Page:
The Four Cardinal Virtues, Part 1: Prudence & Justice

The tradition of the four cardinal virtues was already old when Plato wrote about it in his Symposium. This ancient wisdom contained three aspects. Fist, morality was about a person’s character, the type of person he was, as well as the rules he followed. Second, the goal of morality was not merely following rules but to be a person of excellence, which is the meaning of the word “virtue.” Third, a virtuous act requires four key virtues: prudence, justice, fortitude, and temperance.

In his book, The Four Cardinal Virtues, the Catholic theologian Josef Pieper explains the meaning of these four virtues. He does this in interaction with the ancient philosophers, Christian theologians, and modern philosophers. The result is a unique and helpful discussion of these four categories. Pieper believed that such a discussion was extremely fruitful. He said, “we may well turn to the ‘wisdom of the ancients’ in our human quest to understand reality, for that wisdom contains a truly inexhaustible contemporaneity” (xii). In this article, I want to summarize and highlight his discussion of the virtues of prudence and justice.

Pieper says that prudence is the preeminent virtue: “the fact is that nothing less than the whole ordered structure of the Occidental Christian view of man rests upon the pre-eminence of prudence over the other virtues” (3). He points to an interesting statement from Jesus to illustrate this, “If thy eye is single, the whole of thy body will be lit up” (Mt. 6:22). To many today, I suspect this would seem more like an intellectual matter rather than a moral one. It may strike as curious that Pieper would say that wisdom is the preeminent moral virtue. So, why does he make wisdom so important in the moral life?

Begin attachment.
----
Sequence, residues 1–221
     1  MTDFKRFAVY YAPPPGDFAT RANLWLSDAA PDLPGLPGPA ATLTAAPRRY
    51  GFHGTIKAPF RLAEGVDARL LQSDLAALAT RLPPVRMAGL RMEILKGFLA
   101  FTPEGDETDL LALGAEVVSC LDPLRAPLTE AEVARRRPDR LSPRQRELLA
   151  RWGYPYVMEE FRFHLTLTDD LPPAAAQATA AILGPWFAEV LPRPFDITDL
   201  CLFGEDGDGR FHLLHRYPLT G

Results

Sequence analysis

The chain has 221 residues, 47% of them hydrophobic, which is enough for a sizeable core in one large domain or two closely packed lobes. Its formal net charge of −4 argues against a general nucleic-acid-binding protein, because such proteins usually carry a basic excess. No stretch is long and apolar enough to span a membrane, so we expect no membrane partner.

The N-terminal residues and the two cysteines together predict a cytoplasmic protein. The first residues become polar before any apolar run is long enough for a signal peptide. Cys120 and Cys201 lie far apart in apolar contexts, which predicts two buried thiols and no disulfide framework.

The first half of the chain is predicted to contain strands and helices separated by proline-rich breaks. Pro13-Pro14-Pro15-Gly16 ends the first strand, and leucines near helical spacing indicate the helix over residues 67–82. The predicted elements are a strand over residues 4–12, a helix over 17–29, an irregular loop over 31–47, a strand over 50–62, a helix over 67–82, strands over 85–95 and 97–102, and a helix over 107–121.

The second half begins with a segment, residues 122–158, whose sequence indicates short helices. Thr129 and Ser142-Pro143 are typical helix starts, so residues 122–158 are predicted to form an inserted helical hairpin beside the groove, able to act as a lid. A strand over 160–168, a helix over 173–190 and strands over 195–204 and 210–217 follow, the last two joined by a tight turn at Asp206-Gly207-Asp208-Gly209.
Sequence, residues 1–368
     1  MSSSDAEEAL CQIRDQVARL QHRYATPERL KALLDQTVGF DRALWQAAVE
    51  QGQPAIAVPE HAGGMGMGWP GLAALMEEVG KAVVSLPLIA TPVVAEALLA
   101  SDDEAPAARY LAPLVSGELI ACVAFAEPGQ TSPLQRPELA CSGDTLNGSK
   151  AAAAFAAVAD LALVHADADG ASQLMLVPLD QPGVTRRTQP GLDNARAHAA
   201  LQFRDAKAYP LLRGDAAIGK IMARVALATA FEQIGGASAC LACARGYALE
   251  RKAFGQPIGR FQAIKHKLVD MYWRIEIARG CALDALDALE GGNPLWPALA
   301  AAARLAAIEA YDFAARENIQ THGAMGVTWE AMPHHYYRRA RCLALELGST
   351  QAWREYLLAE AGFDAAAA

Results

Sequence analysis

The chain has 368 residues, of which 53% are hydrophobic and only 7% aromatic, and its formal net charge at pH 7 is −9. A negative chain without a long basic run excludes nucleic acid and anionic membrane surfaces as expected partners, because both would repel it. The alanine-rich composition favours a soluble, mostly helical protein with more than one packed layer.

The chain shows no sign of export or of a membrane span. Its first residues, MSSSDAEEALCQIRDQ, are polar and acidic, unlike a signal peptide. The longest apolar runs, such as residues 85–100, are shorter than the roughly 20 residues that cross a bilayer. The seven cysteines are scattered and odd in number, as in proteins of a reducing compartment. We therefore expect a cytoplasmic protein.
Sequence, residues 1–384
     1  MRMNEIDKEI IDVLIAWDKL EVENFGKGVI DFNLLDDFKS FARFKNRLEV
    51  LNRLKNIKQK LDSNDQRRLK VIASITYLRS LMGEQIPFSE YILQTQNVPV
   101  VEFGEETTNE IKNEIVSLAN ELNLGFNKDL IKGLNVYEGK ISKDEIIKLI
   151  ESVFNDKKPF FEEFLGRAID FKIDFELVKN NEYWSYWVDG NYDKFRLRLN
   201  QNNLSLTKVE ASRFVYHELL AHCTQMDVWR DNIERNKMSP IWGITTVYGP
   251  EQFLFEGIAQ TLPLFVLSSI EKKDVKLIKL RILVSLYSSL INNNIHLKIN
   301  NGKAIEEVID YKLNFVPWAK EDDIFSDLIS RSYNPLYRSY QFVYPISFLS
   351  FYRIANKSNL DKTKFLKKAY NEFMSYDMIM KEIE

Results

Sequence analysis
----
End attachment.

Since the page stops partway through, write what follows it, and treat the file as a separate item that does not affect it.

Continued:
The reason prudence comes first is that to be morally excellent, a virtue has to be in accord with reality. To be in accord with reality, we must know reality. To know reality we need prudence or wisdom. “The meaning of the virtue of prudence, however, is primarily this: that not only the end of human action but also the means for its realization shall be in keeping with the truth of real things” (20). Prudence needs to learn the nature of “real things.” So prudence begins with an openness to reality, a willingness to listen and a willingness to learn.

The Christian has a basic prudence related to salvation. Pieper cautions, however, that the Christian needs to move on to “make provision for himself and for others, not only in matters necessary for salvation, but also in all relating to human life” (14, cf. Phil. 1:9–11). The goal of salvation is the restoration of human life in its fullness, laboring for the glory of God and the good of our neighbors. This involves development of the virtue of prudence. Pieper maps this out by explaining the subordinate virtues related to prudence. I refer you to his discussion, but here is one illustration. “In deliberation we may hesitate; but a considered act must be performed swiftly” (13). Prudence demands slowness and quickness. We need to fully search things out, but when deliberation is complete, we must act. This takes practice, training, and development. This is the virtue of prudence.